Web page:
Build up Pressure for Fairer Share

Planning Commission Member says

 By A Staff Writer
Bangalore: Planning Commission Member Syeda Hameed asked the minorities to come up with their representations on their grievances before Planning commission. While speaking at a seminar “Dare to Lead” by Raza Education and Welfare Society, here on December 5, Ms. Hameed, who is also chancellor of the Maulana Azad National Urdu University, Hyderabad, said the Scheduled Caste lobby was much organized and strong in representing their grievances and issues, hence claimed better allocations from the Planning outlay. She said Muslims were better placed in southern states than the vast majority living in Uttar Pradesh, Bihar, Jharkhand, Assam and West Bengal where dropout rate was quite high. She said Muslims must wake up everywhere and strive to put their issues in a language and idiom that gels with the Constitutional guarantees. She showered praises on Dr. Benazeer Baig, the secretary of the Raza Educational and Welfare Society which runs the Excellent School for the Child labourers for the last 17 years.
Speaking at the occasion, Syed Zameer Pasha, IAS retd and joint secretary of the Al Ameen Education Society, said no amount of grieving would help. We must get out and enroll every child in school and adopt all those measures that would keep him in school for considerable period of time.
Journalist Maqbool Ahmed Siraj said though in literacy ratings the Muslims in South Indian states figure higher than communities, but education should be measured from diverse yardsticks such as 1: GER-General Enrolment Ratio (how many kids attaining five years of age are enrolled into school every year), 2: MYS-Mean Years of schooling  (children from a community attend schools for how many years on an average, and 3: Final attainments: i.e., How many persons attain education for levels upto SSLC, PUC, Degree and PG and professional/technical qualification. Looked at from this angle, there is scope for cheer even in southern states. He emphasized that in this fast-paced age only those with precise and exact knowledge can survive in the tough economic race. Several professions are losing their relevance on a da to day basis.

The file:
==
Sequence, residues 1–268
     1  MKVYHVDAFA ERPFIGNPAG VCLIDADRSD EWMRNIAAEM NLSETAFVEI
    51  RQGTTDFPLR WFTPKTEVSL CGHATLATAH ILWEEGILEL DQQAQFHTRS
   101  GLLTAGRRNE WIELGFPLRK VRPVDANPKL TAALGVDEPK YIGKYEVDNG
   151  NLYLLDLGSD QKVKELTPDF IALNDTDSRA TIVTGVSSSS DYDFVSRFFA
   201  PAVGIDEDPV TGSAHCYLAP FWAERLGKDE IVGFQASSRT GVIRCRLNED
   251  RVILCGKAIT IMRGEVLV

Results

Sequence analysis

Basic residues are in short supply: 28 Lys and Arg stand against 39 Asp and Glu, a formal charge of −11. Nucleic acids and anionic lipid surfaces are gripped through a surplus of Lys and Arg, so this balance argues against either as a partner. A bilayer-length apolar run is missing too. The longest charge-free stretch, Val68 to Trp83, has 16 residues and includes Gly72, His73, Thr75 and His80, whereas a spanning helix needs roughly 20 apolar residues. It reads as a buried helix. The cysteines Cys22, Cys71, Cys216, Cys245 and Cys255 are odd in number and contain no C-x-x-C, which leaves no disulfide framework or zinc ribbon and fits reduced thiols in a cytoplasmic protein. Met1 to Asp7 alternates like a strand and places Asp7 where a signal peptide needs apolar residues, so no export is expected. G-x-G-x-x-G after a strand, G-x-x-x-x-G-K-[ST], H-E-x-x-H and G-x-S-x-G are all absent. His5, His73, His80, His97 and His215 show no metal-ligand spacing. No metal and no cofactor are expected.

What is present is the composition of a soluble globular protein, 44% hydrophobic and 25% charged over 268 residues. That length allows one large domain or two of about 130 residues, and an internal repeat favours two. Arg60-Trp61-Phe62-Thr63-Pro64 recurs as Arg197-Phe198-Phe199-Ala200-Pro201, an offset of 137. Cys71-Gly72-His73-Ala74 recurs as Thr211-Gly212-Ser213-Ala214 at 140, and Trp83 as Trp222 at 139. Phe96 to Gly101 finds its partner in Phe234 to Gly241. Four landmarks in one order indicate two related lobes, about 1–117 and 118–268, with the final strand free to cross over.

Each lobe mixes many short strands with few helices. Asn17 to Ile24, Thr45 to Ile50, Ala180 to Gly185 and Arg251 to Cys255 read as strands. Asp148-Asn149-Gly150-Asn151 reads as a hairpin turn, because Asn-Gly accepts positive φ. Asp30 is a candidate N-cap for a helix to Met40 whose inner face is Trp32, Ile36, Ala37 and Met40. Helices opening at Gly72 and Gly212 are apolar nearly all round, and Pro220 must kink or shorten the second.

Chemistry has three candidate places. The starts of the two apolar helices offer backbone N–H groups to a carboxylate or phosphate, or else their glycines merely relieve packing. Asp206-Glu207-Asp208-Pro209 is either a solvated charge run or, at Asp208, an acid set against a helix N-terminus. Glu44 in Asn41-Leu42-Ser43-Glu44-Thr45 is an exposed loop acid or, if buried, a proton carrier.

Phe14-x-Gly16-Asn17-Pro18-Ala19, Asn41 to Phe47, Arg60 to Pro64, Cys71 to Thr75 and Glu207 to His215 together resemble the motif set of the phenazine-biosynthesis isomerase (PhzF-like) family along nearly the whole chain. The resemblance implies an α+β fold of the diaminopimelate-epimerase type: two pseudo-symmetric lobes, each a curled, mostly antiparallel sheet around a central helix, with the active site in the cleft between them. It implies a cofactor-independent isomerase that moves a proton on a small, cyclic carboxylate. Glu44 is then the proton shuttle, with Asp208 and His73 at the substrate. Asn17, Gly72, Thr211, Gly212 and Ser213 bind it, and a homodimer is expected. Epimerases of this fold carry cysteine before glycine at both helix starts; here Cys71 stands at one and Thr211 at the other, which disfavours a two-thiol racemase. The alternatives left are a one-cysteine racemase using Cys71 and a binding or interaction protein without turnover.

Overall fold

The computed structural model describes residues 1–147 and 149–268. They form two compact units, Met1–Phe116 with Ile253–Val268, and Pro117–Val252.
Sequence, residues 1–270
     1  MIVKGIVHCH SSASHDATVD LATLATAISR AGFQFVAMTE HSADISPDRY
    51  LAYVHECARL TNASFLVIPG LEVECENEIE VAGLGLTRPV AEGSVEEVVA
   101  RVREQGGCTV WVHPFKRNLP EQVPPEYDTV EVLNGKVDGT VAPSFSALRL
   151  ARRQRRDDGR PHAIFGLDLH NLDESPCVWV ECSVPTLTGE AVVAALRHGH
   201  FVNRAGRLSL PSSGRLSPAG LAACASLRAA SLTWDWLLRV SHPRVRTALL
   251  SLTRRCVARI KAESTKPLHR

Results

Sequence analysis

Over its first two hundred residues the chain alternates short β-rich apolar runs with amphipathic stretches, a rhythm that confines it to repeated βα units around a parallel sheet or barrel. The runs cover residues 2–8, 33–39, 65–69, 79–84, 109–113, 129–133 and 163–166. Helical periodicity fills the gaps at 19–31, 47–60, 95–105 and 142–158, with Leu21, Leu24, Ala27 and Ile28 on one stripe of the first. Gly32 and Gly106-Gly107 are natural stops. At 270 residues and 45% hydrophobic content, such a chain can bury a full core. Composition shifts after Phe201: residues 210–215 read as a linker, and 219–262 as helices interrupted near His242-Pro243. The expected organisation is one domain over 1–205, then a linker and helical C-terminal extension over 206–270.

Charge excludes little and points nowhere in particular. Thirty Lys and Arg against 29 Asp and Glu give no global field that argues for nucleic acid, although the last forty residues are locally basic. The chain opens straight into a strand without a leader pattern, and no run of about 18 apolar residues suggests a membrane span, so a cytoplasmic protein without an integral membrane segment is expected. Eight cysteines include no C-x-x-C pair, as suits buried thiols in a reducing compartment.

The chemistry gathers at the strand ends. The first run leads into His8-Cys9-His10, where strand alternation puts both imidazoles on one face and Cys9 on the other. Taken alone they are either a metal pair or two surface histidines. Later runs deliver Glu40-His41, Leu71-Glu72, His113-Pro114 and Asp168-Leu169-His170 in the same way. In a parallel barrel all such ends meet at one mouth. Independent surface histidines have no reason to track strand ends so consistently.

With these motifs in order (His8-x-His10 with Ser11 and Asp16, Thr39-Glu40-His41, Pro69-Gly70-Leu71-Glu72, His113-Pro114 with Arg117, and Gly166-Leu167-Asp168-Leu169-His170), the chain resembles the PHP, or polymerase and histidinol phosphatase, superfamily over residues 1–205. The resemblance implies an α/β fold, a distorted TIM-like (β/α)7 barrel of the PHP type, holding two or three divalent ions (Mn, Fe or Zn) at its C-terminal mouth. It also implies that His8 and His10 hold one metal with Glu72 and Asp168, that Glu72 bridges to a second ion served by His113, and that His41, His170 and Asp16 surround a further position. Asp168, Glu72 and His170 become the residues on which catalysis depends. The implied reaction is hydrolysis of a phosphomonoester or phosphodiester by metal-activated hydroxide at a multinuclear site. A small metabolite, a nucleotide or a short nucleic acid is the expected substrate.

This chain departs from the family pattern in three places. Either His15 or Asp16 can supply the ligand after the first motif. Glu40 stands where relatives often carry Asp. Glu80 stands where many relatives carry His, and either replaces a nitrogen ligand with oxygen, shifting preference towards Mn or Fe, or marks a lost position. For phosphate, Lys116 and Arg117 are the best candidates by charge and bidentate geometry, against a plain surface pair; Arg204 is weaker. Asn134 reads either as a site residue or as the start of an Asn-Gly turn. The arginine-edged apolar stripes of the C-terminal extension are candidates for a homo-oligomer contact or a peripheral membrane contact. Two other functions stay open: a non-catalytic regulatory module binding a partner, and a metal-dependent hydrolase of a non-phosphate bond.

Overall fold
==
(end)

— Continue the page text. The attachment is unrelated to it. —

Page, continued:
Mr. Hamza Hussain, Deputy Superintendent of Police, focused on sexual exploitation of the children which leaves them trauma-ridden for life. He said victims in this case do not come forward for legal remedies for fear of getting stigmatized.
Mr. Ahmed Ali Advocate recounted his experience of establishing a school for labourer’s children at Peenya Industrial Area in collaboration with the Muslim Industrialists Association of Peenya.

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